I’m not sure when I first brought her into our bed. She was definitely over a year old, probably too heavy to rock and I was most assuredly exhausted. We weren’t those parents that planned on it from the start and I hadn’t even heard the terms ‘attachment parenting’ or ‘co-sleeping.’ In fact, in those glorious, blinkered, and so, so judgmental pre-baby days, I remember thinking ‘those’ parents with babies in their beds were crazy. But why did I think that? What about our culture makes it embarrassing to reveal if your child shares your bed? Naturally my illusions were quickly thwarted by my own daughter!
For some reason in our society, there’s a horrible myth circulating that if your child sleeps in your bed, you’ve somehow failed as a parent. You’ve given up. Cribs are for sleeping, they should be sleeping through the night alone and putting themselves back to sleep. You are spoiling them and they’ll never want to sleep in their own beds again. Only tribespeople, hippies and poor families from the olden days sleep with their babies.
When the discussion of baby sleep came up, like a dirty little secret, I usually took on a hushed tone and muttered under my breath, ‘she sleeps with us.’ With my girlfriends with babies, this was usually met with a relieved sigh and admission that it was the same at their house. Interesting. With some however, I got a different reaction. Eyes rolled and I know I saw a headshake. Interesting. How Victorian. It’s not a tiny newborn in my bed, after all. I’m not trying to be controversial.
I suspect part of the problem lies in our Western assumption that everything baby must be hard. The topic of baby sleep is so discussed that new parents come into the job expecting to have problems. In reflection, pre-baby me saw those parents with babies in their beds as lazy and passive. Shouldn’t it be more work? Feeding parental anxiety are the countless websites explaining different ‘methods’ for training your baby to sleep independently. There are people with whole baby sleep consultancy businesses based around getting your baby to snooze alone.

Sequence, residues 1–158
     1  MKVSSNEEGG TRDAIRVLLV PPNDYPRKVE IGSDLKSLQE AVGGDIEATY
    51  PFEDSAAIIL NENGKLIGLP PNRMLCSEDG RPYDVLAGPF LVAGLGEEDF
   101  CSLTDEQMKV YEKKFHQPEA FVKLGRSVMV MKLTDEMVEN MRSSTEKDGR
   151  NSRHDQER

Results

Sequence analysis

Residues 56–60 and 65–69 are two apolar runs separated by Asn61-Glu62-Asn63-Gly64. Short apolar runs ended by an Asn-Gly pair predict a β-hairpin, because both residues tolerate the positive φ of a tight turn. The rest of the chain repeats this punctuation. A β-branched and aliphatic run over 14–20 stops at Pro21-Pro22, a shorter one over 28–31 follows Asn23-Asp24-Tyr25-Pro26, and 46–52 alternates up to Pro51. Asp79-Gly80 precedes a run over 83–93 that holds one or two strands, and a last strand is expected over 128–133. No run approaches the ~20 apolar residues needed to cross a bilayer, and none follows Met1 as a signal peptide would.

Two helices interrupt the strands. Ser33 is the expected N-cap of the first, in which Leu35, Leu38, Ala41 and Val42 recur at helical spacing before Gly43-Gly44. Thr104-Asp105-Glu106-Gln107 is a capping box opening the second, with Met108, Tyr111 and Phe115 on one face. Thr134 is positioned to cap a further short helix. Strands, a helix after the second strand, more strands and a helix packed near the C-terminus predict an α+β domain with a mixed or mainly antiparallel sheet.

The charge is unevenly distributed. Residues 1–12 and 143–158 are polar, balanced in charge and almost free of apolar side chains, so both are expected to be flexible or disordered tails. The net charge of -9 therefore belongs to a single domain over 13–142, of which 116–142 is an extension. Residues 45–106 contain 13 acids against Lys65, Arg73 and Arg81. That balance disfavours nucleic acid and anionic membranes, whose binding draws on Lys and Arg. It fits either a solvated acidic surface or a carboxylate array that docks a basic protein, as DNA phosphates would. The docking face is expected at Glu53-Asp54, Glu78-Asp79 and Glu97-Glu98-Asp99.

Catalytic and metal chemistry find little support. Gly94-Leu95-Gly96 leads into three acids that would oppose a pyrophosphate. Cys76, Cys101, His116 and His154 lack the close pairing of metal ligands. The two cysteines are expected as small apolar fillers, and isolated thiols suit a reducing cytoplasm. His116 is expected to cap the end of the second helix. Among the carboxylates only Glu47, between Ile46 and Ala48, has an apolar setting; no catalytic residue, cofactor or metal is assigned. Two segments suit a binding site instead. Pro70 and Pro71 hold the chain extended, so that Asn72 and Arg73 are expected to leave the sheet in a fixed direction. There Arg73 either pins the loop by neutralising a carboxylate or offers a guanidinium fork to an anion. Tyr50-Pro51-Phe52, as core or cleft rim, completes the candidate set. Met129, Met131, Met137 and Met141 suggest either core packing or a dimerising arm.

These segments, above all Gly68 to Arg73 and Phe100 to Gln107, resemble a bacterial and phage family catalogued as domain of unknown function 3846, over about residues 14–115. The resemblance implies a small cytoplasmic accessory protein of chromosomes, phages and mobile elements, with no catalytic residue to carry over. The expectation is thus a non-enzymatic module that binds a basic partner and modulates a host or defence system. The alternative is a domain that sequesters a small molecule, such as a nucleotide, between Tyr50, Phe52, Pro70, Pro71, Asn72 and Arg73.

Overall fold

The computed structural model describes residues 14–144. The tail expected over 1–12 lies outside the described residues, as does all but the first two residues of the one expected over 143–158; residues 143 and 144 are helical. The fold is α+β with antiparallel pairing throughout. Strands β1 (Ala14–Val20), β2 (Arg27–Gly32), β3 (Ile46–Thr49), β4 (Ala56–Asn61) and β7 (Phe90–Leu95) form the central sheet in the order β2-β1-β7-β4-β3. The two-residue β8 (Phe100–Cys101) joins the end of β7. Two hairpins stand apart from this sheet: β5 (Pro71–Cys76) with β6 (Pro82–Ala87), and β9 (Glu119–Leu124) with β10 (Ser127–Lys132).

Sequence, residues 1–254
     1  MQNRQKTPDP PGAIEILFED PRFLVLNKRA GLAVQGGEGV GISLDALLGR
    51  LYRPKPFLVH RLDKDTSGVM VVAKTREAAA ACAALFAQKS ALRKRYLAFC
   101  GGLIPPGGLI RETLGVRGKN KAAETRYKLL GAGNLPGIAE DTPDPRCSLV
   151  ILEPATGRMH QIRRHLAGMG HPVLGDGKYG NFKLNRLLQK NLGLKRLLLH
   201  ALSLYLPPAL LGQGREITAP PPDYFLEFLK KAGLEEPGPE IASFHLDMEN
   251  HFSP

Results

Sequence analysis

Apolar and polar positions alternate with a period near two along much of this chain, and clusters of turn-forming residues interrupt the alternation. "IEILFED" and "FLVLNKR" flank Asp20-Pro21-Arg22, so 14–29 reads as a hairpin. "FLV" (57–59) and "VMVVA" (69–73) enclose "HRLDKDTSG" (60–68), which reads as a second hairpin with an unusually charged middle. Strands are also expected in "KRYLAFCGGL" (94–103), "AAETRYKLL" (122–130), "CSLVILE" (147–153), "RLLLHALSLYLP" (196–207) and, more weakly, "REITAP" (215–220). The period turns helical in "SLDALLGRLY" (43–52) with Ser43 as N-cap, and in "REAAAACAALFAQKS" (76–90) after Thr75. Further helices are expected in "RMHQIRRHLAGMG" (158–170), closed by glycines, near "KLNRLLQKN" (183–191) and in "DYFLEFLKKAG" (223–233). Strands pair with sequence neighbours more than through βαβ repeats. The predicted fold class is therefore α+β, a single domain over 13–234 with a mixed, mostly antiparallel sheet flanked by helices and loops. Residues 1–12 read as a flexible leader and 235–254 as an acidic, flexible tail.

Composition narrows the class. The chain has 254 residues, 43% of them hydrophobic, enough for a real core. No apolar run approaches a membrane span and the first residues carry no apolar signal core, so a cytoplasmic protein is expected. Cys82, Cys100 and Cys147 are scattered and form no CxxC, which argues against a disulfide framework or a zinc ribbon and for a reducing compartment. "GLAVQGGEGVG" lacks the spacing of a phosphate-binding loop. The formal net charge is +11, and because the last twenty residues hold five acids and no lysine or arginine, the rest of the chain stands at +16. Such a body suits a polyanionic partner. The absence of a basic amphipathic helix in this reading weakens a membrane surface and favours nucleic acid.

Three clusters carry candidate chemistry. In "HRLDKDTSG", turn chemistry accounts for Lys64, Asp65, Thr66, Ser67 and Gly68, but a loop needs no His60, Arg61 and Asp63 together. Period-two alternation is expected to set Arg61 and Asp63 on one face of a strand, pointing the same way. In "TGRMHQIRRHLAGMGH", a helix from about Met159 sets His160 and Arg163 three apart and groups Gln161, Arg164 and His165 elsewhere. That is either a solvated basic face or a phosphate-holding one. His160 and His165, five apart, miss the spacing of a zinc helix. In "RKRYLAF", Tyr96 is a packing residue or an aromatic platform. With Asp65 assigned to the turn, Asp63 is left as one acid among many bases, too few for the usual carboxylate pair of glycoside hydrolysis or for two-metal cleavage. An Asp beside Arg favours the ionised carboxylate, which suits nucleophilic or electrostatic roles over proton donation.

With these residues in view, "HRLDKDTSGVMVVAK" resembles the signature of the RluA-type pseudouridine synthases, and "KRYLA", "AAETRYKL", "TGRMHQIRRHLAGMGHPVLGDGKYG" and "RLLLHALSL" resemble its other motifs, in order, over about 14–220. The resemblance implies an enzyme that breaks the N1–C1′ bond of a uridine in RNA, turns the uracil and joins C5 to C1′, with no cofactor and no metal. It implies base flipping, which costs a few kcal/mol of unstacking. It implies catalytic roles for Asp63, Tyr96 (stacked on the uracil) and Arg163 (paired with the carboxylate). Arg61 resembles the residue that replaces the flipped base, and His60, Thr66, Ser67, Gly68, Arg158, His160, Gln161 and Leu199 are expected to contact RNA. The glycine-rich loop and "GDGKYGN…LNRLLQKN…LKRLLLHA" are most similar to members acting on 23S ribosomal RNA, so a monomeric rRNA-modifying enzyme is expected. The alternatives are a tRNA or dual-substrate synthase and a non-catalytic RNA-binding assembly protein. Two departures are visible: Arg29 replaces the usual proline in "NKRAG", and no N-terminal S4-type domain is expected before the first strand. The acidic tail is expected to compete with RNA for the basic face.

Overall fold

Before our baby-in-the-bed experiment proved a winner, when she woke we would try holding her hand through the crib bars. We would rock her. It could take hours! We tried a ‘cry for 5, 10, 15 minute system’, for about a week, because isn’t that what you’re supposed to do? Feeling desperate, we almost called one of those sleep consultants. Still, pushing my child through sleep training and ignoring her calls in the night to cry it out alone just felt wrong, for me, for her. What a different year it would have been if we’d just brought her into our bed sooner. Dang hindsight. So annoying.
It’s 2012, I can afford two beds (and central heating); I’m from boring European stock and despite being a vegetarian, not a hippy. Yet, this baby in the bed thing feels natural and dare I say, easy. I challenge the notion that keeping our kids close is a negative. Are we to encourage independence (from birth) to the point of stubbornness? What are those ‘I trained my child to sleep through the night alone’ boasting parents actually boasting about? Wow, your child doesn’t call you to get back to sleep. Good job. Is this a parenting success? Shouldn’t our child’s contentment trump societal ‘norms?’ We are not parenting robots. We can make choices beyond the ‘done thing.’ No?
There are many modern day interpretations of the ‘family bed.’ Our daughter now falls asleep in our bed. We read stories, we sing songs and we cuddle. She holds my hand until she drifts off. We then transfer her to her crib, in her room. She wakes once in the night, always crying, usually a nightmare and we bring her into our bed. She falls back asleep within minutes. Comforted. Mother is horizontal. Bliss. Dad has to share his pillow. Hilarious! When she is ready and willing, she can start falling asleep in her bed. I’m going to follow her lead.
If there’s one thing I’ve learned, my ideas on what my baby should do and like is never what I expect and must be adaptable. I remember feeling relieved when I finally ‘gave up’ and brought my daughter to bed. It really doesn’t have to be a struggle. Of course, cliché intended, every baby is different. Our baby loves it in with us. The next one may not be interested. However, when I do it all over again, I will try bringing that baby into our bed sooner. For now, the debate continues in our house: which is better, toddler feet in your ribs or breathing in your ear? For sure, nothing beats being woken in the morning with a warm, cuddly, ‘Hi Mom.’
By Leanne Davis